A recent Faculty Focus article, “Applying the Seven Principles for Good Practice to the Online Classroom,” identified seven principles of good instruction that are important considerations when designing or facilitating an online course.

The seven principles are:

  1. Encourage contact between students and faculty.
  2. Develop reciprocity and cooperation among students.
  3. Encourage active learning.
  4. Give prompt feedback.
  5. Emphasize time on task.
  6. Communicate high expectations.
  7. Respect diverse talents and ways of learning.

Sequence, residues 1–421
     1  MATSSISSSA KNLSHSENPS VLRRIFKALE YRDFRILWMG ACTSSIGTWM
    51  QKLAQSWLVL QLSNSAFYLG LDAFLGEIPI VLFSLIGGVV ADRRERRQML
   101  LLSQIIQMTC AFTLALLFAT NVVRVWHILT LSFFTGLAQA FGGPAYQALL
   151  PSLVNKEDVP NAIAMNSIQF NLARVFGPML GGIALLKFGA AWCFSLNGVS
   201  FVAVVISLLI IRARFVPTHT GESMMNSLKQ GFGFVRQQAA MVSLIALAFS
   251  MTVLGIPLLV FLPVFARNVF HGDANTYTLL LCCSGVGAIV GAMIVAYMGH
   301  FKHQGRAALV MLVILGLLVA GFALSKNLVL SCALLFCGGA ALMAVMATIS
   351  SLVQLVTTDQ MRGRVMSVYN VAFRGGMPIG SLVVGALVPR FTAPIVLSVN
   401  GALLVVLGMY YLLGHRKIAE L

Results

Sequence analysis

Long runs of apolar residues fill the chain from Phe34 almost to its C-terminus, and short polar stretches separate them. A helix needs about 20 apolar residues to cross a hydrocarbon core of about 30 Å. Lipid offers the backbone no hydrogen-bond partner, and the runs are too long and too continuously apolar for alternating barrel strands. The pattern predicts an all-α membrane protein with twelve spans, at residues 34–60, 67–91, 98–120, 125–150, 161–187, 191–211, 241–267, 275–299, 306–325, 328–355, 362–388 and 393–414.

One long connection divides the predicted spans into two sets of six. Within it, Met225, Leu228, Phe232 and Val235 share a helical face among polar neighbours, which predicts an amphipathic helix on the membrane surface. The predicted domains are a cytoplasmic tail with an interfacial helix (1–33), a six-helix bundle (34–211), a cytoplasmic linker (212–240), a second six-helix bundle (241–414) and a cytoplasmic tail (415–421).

The article pointed out that the seven principles were originally developed by Chickering and Gamson (1987) as good instructional practices for face-to-face undergraduate instruction over 25 years ago. What is striking is that whether instruction occurs in the virtual environment, or in a brick and mortar classroom, the principles of good instruction are much the same. These are actions that good instructors seem to do almost instinctively. Since springtime has traditionally been a time of renewal maybe this is a perfect time to take a quick self-assessment of our own instruction. How many of these seven principles are an essential part of your instructional practice?

Read more about Applying the Seven Principles for Good Practice to the Online Classroom here.
Read more about the Seven Principles for Good Practice in Undergraduate Education here.